August 3, 2021

Deep Space Fungi: How Team Orion’s Go For Launch! Experiment Became a Global Research Endeavor

On Dec. 5, 2018, Jamison Fuller watched his first rocket launch. This launch was a special one: it would be carrying his team’s experiment to the International Space Station. 

“Just to see it go up into space, it was life-changing,” said Fuller.

Fuller was a member of Team Orion, the 2018 winners of the Durham Series Go For Launch! competition. This competition, presented by Higher Orbits, took place over a three-day period at the South Regional Branch of the Durham (N.C) Public Library. The teams were randomly assigned, and Team Orion, made up of Fuller, Graham Shunk, Srikar Kaligotla, Finn Poulin and Xavier Gomez, instantly clicked. 

“I expected things to be awkward and to be nervous,” said Shunk, a senior at the North Carolina School of Science and Mathematics. “Luck had it, that we were all pretty extroverted, we were all fun to be around, and we were all passionate about putting together a kick-ass experiment proposal.” 

The team bounced around a few ideas for their experiment, their main guideline being that it had to benefit humans. 

“Our first idea was waste turned into fuel,” said Kaligotla, a junior at the Durham School of the Arts. “That would have been too harmful for the astronauts, according to our guideline, so we had to do something else.” 

As the team continued to brainstorm, Fuller suggested the team look into using fungi for their experiment, and Shunk proposed looking into radiation shielding. 

“Jamison (Fuller), one of our other teammates was like, ‘We should do something with fungus, that sounds really cool,’” said Gomez, who was a junior at C.E. Jordan High School during the competition. “Graham (Shunk) was bouncing ideas off; he was saying ‘what if we do something with water or radiation blocking?’” 

They combined both of these ideas and decided to investigate radiotrophic fungi – a type of fungi that uses radiation to create energy – and its use as a shielding mechanism in space. 

“Eventually we were like, ‘what if we just did it a fungus that blocks radiation?’” said Gomez. “And then we were like, ‘yeah, right that's a thing,’ but then we Googled it and we were like, ‘there's this fungus in Chernobyl that seems to possibly block radiation’ and then we just kind of ran with it.”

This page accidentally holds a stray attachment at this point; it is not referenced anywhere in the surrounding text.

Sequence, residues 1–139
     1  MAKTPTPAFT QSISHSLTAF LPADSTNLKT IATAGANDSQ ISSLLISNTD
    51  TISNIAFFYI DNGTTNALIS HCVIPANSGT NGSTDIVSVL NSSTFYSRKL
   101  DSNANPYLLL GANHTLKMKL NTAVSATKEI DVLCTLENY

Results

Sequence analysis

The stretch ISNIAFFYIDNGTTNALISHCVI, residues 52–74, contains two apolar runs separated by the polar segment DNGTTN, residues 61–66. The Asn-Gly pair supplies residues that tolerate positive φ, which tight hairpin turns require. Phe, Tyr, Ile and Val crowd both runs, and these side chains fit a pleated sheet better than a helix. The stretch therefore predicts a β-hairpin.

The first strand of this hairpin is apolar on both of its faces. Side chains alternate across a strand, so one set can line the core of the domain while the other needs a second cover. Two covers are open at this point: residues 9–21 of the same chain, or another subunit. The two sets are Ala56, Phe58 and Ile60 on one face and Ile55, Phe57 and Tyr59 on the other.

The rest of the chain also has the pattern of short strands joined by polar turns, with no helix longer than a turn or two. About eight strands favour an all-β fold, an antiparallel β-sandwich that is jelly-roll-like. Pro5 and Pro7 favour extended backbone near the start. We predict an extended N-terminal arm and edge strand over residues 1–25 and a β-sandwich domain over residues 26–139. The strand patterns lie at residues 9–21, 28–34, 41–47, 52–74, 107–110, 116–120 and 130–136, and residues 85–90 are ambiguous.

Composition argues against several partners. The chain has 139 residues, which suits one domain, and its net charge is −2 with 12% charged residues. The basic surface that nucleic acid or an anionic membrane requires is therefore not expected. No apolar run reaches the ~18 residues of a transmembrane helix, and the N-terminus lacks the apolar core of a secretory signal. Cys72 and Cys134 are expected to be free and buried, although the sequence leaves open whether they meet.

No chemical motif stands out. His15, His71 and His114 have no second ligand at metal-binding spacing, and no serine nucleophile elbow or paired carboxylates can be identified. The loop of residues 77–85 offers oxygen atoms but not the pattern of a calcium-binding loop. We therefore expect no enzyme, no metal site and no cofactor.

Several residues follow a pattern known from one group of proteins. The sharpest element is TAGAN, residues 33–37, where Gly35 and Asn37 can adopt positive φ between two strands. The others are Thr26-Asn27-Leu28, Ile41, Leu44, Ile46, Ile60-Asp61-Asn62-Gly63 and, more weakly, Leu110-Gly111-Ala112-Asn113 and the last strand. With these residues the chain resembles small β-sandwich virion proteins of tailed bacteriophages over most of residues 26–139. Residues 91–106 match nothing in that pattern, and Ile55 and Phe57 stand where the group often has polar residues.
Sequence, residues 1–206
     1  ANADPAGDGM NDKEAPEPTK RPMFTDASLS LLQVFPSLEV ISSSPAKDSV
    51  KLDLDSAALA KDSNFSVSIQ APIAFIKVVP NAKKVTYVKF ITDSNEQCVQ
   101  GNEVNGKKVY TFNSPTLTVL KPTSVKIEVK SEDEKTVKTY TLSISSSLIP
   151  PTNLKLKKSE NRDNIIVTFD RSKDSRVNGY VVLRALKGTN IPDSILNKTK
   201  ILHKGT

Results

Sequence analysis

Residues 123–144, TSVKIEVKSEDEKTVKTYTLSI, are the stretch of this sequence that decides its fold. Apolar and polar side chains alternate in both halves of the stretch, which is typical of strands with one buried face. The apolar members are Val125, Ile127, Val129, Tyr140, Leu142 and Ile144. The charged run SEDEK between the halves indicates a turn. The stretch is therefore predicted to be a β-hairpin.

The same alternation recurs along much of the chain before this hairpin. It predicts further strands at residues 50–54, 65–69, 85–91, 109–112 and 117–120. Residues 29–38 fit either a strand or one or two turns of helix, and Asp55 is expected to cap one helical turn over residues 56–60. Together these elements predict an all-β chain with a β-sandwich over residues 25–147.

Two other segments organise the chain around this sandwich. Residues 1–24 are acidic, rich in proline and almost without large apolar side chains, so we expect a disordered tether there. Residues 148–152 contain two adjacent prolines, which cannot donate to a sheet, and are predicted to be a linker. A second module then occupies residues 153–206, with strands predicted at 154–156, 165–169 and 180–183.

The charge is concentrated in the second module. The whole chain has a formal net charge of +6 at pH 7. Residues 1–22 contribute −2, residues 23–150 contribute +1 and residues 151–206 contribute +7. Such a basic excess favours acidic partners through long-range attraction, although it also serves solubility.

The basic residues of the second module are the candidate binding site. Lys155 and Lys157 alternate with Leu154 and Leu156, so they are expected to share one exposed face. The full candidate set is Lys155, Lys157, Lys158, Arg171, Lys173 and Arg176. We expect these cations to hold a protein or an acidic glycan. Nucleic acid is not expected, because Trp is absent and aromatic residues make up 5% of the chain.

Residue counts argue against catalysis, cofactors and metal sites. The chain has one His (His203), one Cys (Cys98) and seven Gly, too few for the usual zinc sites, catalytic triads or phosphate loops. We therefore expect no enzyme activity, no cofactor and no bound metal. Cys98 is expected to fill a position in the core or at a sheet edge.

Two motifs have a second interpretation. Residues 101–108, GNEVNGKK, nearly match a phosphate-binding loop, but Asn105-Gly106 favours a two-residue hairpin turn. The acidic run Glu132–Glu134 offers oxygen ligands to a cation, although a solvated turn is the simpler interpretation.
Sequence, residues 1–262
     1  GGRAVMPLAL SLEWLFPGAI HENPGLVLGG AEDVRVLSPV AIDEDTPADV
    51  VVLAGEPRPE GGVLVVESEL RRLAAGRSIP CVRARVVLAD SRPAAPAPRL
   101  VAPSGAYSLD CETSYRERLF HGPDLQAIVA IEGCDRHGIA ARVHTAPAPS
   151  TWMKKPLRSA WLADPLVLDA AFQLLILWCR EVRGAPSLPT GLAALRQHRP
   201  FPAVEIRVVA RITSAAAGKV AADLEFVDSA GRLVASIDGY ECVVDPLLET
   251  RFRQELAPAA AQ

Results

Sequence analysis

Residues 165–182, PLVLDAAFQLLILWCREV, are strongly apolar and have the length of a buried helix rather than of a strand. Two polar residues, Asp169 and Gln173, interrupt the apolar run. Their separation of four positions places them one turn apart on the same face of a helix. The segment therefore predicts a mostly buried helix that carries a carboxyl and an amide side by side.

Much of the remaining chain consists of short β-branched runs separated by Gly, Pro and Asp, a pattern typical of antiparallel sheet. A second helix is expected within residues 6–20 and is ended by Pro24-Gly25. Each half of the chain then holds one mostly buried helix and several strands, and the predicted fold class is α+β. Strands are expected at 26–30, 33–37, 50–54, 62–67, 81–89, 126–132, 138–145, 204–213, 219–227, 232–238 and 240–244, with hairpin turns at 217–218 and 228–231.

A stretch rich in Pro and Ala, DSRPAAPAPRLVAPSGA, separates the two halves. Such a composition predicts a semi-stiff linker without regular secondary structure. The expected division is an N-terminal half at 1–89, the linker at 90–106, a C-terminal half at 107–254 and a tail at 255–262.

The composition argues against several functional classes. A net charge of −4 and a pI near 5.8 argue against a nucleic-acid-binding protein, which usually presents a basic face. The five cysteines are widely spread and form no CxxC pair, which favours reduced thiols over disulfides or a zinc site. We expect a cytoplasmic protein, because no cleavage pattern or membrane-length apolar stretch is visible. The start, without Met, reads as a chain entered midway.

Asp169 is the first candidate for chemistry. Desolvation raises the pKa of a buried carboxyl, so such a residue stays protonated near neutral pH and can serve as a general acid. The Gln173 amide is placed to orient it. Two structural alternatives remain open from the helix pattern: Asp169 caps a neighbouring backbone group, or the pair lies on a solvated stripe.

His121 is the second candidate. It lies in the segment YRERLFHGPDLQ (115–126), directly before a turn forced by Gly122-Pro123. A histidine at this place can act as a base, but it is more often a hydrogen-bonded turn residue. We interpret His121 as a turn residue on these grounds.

After presenting their experiment proposal to a panel of judges, Team Orion and the other teams in the Durham series attended an awards ceremony where they found out the winner of the competition. 

“They said, ‘Team Orion’ and I remember we all jumped and we all just hugged each other,” said Kaligotla. “And I was like, ‘Oh, my God, we actually did it, our dreams and goals are coming true.’.” 

Using their CubeLab hardware, payload hardware manufacturer SpaceTango made Team Orion’s experiment come to life. The experiment utilized a split petri dish, one side containing polyethylene and agar as a control, and the other containing agar and the fungi. Radiation sensors were placed under each side of the petri dish, and a radiation reading was taken every 30 minutes. 

The experiment stayed aboard the International Space Station for 30 days, and the team received their data in early 2019. Once they received their data, they were unsure what to do next. 

“Initially when we got the data back and we didn't know how to analyze it at all,” said Gomez. “It was a whole bunch of numbers.” 

Progress on the project began to stall, until Shunk came across an article detailing a Stanford University team's investigation into the use of mycelium as a building material on Mars. He reached out to the principal investigator, postdoctoral student Nils Averesch, and asked if he wanted to collaborate on Team Orion’s research. 

“Typically, it's the student that asks to join the research cause of a professor or researcher,” said Shunk. “I was mind boggled that a Stanford post-doc would be joining the research that Team Orion had begun with that Higher Orbits camp. 

“It was really empowering to know, and for Michelle (Lucas, founder and president of Higher Orbits) to know as well, that something that started from Higher Orbits could attract researchers across the world.” 
As data analysis continued, and work on the manuscript began, more researchers became interested in the group's experiment. A statistician from the University of Manheim (Germany) also joined their team, as well as a radiobiologist from the University of Moscow. 

“Being able to work with this team of global researchers really stuck with me,” said Shunk. “I'm glad that I initially reached out because it took the research to another level.” 

When the team released the pre-print of their manuscript, they were met with apprehension. 

“After we had published a pre-print, we would get a stream of emails, about half of them were ‘OK, this is so cool can you elaborate on that’ and the other half were comments saying high-schoolers should not be putting out scientific research,” said Shunk. “That really was disheartening.” 

Despite this, the team continued their work. Now, the research team made up of Gomez, Shunk and Averesch are completing the final revisions for their manuscript to submit for peer review in a scientific journal.  

“I think for me; my biggest takeaway here is that if there's some research or any other thing that myself or anyone else would like to do, there's usually a way to do it,” said Gomez, who is now a sophomore at the University of North Carolina-Charlotte, studying systems and engineering. “Even if it sounds ridiculous and outlandish.” 

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